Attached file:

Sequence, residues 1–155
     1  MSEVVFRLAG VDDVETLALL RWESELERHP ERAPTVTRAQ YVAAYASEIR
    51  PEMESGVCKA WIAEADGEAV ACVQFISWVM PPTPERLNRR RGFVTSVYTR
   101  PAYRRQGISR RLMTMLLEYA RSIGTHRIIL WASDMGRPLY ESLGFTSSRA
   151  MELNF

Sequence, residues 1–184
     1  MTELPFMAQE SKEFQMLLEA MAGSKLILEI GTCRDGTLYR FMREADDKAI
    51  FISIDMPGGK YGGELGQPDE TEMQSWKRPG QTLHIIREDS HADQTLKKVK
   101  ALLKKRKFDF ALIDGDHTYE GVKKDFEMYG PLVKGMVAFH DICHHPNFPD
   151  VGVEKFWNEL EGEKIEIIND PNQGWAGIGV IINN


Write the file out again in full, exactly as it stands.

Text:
Sequence, residues 1–155
     1  MSEVVFRLAG VDDVETLALL RWESELERHP ERAPTVTRAQ YVAAYASEIR
    51  PEMESGVCKA WIAEADGEAV ACVQFISWVM PPTPERLNRR RGFVTSVYTR
   101  PAYRRQGISR RLMTMLLEYA RSIGTHRIIL WASDMGRPLY ESLGFTSSRA
   151  MELNF

Sequence, residues 1–184
     1  MTELPFMAQE SKEFQMLLEA MAGSKLILEI GTCRDGTLYR FMREADDKAI
    51  FISIDMPGGK YGGELGQPDE TEMQSWKRPG QTLHIIREDS HADQTLKKVK
   101  ALLKKRKFDF ALIDGDHTYE GVKKDFEMYG PLVKGMVAFH DICHHPNFPD
   151  VGVEKFWNEL EGEKIEIIND PNQGWAGIGV IINN